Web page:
7th August 2017
Personal Reflection from the REAIE Conference
Rochelle Ritchie, Guardian’s Social Media Specialist attended the REAIE Conference and took a moment to reflect on her experiences at this event.
This year the Reggio Emilia Australia Information Exchange (REAIE) Biennial Conference took place in Sydney, from the 14 – 16th July. Under the theme ‘Landscapes of Identity’, the conference allowed for personal and existential conversations about identity from a range of insightful perspectives.
‘Learning and teaching should not stand on opposite banks and just watch the river flow by; instead, they should embark together on a journey down the water. Through an active, reciprocal exchange, teaching can strengthen learning how to learn.’ Loris Malaguzzi
During the Information Exchange, I had the opportunity to reflect alongside educators and researchers, about balancing personal and professional identities; as well as learning about the theory of identity.
Putting ourselves into the identity soup, in a presentation by Alma Fleet, we delved into the idea of situational identities, offering a unique perspective and a considered way of approaching situations in the classroom and beyond. The presentation allowed for personal reflection, constructive criticism and development. All active and engaged listeners left the presentation encouraged to share, be bold, ask, read and think.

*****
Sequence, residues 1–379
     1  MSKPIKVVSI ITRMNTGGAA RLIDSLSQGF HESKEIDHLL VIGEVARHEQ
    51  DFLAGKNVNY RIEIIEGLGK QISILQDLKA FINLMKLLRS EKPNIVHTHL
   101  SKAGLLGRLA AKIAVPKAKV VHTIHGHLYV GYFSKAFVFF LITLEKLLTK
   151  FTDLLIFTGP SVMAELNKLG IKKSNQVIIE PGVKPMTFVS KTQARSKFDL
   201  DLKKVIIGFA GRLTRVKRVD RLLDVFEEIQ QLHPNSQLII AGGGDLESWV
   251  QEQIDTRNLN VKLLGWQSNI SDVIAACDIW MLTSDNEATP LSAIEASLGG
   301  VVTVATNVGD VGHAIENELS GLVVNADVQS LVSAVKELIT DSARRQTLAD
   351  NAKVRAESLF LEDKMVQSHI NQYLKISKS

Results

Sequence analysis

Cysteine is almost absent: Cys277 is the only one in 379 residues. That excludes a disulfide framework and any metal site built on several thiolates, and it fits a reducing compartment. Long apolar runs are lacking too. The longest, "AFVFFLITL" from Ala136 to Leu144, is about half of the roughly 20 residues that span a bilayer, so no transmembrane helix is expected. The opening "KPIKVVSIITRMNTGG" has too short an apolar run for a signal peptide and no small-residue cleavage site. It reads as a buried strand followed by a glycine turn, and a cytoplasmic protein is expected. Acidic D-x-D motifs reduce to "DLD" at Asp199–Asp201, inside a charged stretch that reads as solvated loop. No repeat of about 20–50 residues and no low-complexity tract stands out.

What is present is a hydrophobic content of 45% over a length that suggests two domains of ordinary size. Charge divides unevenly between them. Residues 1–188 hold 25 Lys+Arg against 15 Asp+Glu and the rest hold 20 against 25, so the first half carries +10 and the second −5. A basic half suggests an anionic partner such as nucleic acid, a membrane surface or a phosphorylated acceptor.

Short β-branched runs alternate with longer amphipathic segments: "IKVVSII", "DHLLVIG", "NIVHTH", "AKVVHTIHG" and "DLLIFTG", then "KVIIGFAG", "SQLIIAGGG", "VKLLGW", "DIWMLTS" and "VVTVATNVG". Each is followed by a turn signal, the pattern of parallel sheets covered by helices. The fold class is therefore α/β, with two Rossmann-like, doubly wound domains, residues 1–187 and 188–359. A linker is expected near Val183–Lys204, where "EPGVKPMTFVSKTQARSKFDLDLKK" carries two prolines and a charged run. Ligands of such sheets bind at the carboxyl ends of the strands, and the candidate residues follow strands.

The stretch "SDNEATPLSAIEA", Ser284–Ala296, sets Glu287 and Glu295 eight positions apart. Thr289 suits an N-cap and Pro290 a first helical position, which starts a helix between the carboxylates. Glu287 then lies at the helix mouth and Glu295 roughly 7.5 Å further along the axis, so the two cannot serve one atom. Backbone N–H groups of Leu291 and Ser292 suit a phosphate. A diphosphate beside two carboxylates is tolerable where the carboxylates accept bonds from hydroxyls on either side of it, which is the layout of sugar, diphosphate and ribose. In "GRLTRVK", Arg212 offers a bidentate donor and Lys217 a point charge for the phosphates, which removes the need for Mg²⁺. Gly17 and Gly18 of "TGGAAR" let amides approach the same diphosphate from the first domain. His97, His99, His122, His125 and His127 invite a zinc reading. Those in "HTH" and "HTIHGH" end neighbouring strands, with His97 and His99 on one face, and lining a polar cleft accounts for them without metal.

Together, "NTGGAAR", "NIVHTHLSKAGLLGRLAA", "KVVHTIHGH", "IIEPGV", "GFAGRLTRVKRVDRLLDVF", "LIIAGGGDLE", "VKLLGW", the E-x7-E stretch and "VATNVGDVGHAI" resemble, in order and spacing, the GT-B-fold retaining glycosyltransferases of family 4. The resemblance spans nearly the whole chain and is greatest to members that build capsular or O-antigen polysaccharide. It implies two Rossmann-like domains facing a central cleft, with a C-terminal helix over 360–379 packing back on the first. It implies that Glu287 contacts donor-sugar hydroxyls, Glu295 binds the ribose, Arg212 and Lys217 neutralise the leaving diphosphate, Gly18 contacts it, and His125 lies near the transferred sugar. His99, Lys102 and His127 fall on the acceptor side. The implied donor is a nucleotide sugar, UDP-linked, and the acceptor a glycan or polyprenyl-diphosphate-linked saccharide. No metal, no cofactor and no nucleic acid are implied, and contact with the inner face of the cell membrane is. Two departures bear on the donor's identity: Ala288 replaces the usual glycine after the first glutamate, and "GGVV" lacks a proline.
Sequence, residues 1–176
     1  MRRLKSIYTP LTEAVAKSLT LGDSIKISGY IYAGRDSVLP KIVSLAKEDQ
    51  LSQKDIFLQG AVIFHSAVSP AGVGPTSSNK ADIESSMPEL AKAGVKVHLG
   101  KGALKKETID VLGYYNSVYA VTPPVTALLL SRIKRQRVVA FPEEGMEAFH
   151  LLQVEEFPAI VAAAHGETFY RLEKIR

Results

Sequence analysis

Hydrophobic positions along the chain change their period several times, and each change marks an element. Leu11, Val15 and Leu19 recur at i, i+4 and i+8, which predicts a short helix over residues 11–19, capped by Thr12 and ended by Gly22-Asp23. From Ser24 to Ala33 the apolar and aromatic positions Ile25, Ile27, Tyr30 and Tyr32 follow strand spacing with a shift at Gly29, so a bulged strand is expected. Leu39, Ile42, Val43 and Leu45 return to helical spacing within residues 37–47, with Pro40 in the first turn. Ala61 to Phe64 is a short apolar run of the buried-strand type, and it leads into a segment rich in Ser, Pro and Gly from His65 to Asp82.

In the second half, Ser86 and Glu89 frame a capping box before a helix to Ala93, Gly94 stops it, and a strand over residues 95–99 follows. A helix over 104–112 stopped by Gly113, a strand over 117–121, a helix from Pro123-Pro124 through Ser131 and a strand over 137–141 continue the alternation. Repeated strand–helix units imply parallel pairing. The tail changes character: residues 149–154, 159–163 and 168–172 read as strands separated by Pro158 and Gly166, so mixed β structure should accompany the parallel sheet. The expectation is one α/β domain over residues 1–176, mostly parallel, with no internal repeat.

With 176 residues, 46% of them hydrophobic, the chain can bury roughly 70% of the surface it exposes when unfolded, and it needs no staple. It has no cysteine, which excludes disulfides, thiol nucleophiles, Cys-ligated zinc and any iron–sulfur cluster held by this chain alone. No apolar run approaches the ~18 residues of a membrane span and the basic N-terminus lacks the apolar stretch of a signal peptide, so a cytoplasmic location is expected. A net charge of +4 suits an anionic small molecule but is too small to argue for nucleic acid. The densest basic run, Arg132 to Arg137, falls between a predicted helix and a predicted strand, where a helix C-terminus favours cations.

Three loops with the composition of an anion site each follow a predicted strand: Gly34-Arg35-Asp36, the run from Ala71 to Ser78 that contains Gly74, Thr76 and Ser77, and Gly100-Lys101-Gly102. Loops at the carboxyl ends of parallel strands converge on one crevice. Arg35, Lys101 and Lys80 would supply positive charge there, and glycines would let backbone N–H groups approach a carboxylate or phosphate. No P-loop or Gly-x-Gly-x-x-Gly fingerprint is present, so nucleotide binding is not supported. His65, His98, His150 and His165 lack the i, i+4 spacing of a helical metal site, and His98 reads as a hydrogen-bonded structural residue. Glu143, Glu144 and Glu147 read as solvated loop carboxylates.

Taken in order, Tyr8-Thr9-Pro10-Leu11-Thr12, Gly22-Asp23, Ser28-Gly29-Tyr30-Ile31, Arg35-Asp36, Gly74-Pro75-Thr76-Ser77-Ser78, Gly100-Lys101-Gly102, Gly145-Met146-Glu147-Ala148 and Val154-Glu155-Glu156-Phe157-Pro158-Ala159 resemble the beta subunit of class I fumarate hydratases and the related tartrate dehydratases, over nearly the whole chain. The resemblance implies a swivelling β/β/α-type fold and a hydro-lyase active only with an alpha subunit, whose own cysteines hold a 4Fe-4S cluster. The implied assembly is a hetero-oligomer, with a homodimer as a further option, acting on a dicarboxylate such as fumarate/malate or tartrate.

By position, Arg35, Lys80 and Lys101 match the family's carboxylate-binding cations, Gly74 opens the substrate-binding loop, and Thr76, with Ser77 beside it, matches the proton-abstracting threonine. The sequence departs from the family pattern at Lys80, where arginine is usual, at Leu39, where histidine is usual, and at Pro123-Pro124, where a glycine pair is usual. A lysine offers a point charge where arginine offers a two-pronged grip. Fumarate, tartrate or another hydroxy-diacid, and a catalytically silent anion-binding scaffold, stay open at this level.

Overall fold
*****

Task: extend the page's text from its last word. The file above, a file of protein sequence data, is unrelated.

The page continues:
The second talk I attended was Walking Strong on Country, presented by Annette Sax and Kylie McLennan. This presentation offered an insightful understanding of Indigenous culture and identity, referencing the pedagogical pandemic.
“Children learn about themselves and construct their own identity within the context of their families and communities. This includes their relationships with people, places and things and the actions and responses of others.
Identity is not fixed – it is shaped by our experiences.”
Excerpt taken from the Early Years Framework for Australia, 2009, Page 20.
This was my most profound learning from the REAIE Conference – that identity is not fixed. In a post structural world there are multiple answers and exits, and understanding of the world around us will be gained through, talking, listening, exploring and engaging with children and the world around us.
REAIE promotes the rights and potentials of children and facilitates national and international dialogue and debate about education. More information about the REAIE can be found here.
These reflections represent the thoughts and opinions of an individual, and do not reflect Guardian’s views or opinions. The images shown here are from the Guardian Early Learning Group stand at the REAIE Conference. Guardian Early Learning Group was a proud sponsor of the Conference.